Video Evidence: Handle with Care

Some of the new simplicities afforded to us can, unfortunately, cloud ones’ judgement when dealing with images and video for legal use.

Technology has, in most parts, made things incredibly easy. Take the example of photographs and video. We all now love to quickly snap a memory or record some footage of an event. We can adjust the colour or light, crop out unwanted parts, or trim the end of a video. It’s then a simple click on the share button to immediately have that sent to friends or family via a messaging app or social media. 

Some of the new simplicities afforded to us can, unfortunately, cloud ones’ judgement when dealing with images and video for legal use.  Why do it one way, when it’s so much easier to do it another, perhaps quicker way?

In late 2016, at the conclusion of a trial in Nottingham Crown Court, for four men involved in the murder of Aqib Mazhar, Judge Rafferty stated, “there must never be another case in this country where those analysing CCTV don’t have the best equipment.” The quote stems from the fact that it wasn’t until the trial had started that video material was properly reviewed and that significantly changed the weight of the evidence.

Whether it is CCTV evidence, mobile phone video or a sequence of images, the software used to review that evidence can alter the viewer’s interpretation. It could be that the player drops or misses frames. The player could present the video too dark, or too light. The player could change the shape and size of the image or video, resulting in objects appearing smaller or larger. Many surveillance system players alter the image to make it look better, even though that is not what was originally recorded – scary, but true.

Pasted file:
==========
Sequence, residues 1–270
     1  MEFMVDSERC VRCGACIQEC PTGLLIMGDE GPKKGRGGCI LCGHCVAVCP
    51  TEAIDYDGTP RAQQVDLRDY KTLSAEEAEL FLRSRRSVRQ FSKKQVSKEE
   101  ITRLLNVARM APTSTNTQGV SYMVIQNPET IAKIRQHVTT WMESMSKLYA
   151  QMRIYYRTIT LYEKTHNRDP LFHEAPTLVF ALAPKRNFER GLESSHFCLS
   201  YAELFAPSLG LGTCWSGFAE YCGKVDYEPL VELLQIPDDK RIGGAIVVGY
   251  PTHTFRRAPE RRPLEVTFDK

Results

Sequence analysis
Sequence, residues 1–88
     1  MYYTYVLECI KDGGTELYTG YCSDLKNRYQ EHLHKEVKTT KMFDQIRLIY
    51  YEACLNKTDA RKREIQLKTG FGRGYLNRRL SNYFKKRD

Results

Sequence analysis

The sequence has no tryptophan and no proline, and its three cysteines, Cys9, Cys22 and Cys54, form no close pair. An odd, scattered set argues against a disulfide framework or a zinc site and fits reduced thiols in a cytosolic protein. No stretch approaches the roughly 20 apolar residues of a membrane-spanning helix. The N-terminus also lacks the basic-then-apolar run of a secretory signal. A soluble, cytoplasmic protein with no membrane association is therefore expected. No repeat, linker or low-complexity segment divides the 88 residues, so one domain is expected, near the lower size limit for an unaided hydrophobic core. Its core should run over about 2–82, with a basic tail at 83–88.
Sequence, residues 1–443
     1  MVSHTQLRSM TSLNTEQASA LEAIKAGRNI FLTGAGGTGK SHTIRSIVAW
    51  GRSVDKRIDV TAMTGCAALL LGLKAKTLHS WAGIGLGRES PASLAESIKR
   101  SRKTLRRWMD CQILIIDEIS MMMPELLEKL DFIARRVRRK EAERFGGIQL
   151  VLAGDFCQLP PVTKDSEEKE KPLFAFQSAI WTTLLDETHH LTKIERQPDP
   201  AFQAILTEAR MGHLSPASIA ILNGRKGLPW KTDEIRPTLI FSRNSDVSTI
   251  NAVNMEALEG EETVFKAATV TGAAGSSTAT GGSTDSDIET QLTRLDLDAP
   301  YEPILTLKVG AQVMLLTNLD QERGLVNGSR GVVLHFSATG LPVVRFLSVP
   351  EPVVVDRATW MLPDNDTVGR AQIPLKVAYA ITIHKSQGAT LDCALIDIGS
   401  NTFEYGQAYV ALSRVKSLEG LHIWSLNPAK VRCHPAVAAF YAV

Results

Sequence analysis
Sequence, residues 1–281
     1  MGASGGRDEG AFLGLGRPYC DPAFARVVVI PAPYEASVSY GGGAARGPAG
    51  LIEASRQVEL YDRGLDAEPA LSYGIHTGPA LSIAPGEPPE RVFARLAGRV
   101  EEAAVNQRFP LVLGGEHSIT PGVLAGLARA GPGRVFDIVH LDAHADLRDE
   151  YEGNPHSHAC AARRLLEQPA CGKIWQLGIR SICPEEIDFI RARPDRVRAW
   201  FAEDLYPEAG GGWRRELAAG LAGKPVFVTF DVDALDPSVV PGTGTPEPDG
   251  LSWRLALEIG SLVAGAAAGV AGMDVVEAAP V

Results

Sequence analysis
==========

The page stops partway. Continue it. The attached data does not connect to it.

In 2015, a conviction of Indecent Assault was overturned at the Court of Appeal. Mr Mohammed Islam was earlier convicted at Flintshire Magistrates Court, where a CCTV image of a vehicle, alleged to be his, was used as evidence. After analysis and enhancement, it was proved not to be his vehicle and his conviction quashed. Mr Islam’s lawyer, Adam Antoszkiw, later stated the crucial evidence was not properly examined because of financial constraints.

Multimedia evidence, especially CCTV or low-quality mobile phone footage must be handled with care. 

When someone asks, “send me a shot of the car, from the CCTV”, you need to trust that the CCTV evidence was acquired correctly to start with, that the processes involved in managing that digital evidence have not altered it in any way, and then, that the image was extracted from the video in a manner that can be relied upon. Image integrity is key, which means that corners must stop being cut for the sake of ease or speed.

The Criminal Justice System in the UK is at breaking point. The disclosure of digital evidence, which includes CCTV and digital multimedia, is daily headline news. If the material is handled with care, using diligence and competency, then there shouldn’t be a problem. If corners are cut then, well, that’s when it can hit the fan.

Read the full article originally published in The Barrister.